AOPA National Assembly attendees are tired—I know I am.
We just got home from a great show where we learned about refined microprocessor knee technology, critical information about reimbursement, pedorthic treatment options, and more. We networked, exchanged business cards, and are now armed with scanner notes, ready to get back to work. At my desk this morning, I came across this article and I gathered some key points from it that I thought would be salient to all of our businesses. Enjoy!
Build Social Capital
Social capital is the value behind your social contacts or the resources available through your personal and business networks—information, ideas, lead generation, new opportunities, support, and more. The core of social capital is trust, and it depends on who you know and how you interact with those contacts. So how do you gain social capital? Here are some helpful suggestions:
- Follow up with customers. Some of your best referral sources are past clients. Don’t forget about them! Follow up on a project. Ask them if there’s anything else you can do to help. Be responsive, and take action if they have questions or complaints.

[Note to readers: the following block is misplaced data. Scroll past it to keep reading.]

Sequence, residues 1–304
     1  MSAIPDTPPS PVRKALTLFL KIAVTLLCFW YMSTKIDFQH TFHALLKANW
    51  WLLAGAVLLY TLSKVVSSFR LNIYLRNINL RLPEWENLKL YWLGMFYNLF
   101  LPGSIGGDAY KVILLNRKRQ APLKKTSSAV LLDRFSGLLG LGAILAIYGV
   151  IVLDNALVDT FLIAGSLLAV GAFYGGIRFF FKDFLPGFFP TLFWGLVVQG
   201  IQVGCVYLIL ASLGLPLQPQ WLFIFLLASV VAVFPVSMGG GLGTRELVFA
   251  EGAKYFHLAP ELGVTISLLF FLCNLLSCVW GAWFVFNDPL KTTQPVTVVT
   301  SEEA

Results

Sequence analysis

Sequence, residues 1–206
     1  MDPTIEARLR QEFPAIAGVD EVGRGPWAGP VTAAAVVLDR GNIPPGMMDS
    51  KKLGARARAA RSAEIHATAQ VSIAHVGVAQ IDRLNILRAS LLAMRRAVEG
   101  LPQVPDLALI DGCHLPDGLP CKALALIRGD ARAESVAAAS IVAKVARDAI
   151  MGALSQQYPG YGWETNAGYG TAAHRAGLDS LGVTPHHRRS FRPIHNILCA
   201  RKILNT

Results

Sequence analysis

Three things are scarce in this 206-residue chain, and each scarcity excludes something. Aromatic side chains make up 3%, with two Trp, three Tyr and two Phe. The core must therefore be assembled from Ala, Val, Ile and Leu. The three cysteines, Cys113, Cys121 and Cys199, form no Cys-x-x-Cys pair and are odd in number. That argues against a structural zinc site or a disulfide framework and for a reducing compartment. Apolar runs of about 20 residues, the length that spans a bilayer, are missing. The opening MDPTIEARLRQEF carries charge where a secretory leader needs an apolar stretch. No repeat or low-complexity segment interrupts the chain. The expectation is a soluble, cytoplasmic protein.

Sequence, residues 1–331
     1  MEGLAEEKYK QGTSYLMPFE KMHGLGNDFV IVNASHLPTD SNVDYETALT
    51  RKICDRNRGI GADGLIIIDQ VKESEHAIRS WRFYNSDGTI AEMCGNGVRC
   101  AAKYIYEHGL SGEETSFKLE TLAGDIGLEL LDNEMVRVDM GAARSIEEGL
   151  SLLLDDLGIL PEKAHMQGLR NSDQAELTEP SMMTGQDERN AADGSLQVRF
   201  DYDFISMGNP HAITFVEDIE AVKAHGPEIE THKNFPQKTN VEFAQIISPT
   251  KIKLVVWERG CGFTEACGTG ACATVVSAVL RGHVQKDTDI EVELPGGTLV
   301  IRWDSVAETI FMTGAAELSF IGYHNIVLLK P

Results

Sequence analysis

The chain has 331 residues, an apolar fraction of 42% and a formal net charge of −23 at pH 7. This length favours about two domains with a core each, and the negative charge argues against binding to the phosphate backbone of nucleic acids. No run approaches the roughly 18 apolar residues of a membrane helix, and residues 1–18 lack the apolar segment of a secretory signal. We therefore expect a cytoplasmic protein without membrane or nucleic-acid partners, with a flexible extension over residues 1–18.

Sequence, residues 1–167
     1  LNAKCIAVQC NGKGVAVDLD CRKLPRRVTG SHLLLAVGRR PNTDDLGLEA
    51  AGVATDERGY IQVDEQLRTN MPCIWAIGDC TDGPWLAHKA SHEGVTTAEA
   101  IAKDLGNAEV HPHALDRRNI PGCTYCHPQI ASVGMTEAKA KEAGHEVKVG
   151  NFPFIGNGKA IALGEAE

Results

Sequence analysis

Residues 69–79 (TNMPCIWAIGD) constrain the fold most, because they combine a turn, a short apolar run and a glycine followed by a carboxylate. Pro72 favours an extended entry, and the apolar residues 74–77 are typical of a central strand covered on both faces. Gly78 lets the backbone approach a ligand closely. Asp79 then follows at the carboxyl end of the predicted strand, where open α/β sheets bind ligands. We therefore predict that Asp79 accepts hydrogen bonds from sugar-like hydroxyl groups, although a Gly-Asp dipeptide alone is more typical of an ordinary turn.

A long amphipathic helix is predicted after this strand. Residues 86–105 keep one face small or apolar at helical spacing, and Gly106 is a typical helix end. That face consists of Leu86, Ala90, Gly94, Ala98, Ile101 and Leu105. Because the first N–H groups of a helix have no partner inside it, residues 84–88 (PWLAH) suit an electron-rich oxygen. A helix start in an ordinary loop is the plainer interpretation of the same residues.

- Make a list of people you want to stay in touch with. Yes, you’ve met people at tradeshows or through a networking group, but have you been in contact with them lately? It’s great to expand your network, but make sure you’re creating a quality one, sending promising contacts cards during holidays, making personal phone calls, meeting them for coffee, or participating in other activities to remain connected to them.
- Contact people who referred your business. Thank people for referrals, and learn more about them so you can refer potential business to them.
- Give referrals. Referrals are not only beneficial to the company or person you’re recommending, but they’re also helpful to you and the individual seeking your advice. It can foster reciprocity within your network, and hopefully encourage social contacts to return the favor in the future. Referrals also demonstrate to individuals that you’re a resource, and they will be grateful for quality recommendations. (Make sure you’re familiar with the person or organization you’re sending them to, though.)
To learn more, here is the full article from Entrepreneur Magazine, “Four Steps to Building Social Capital.”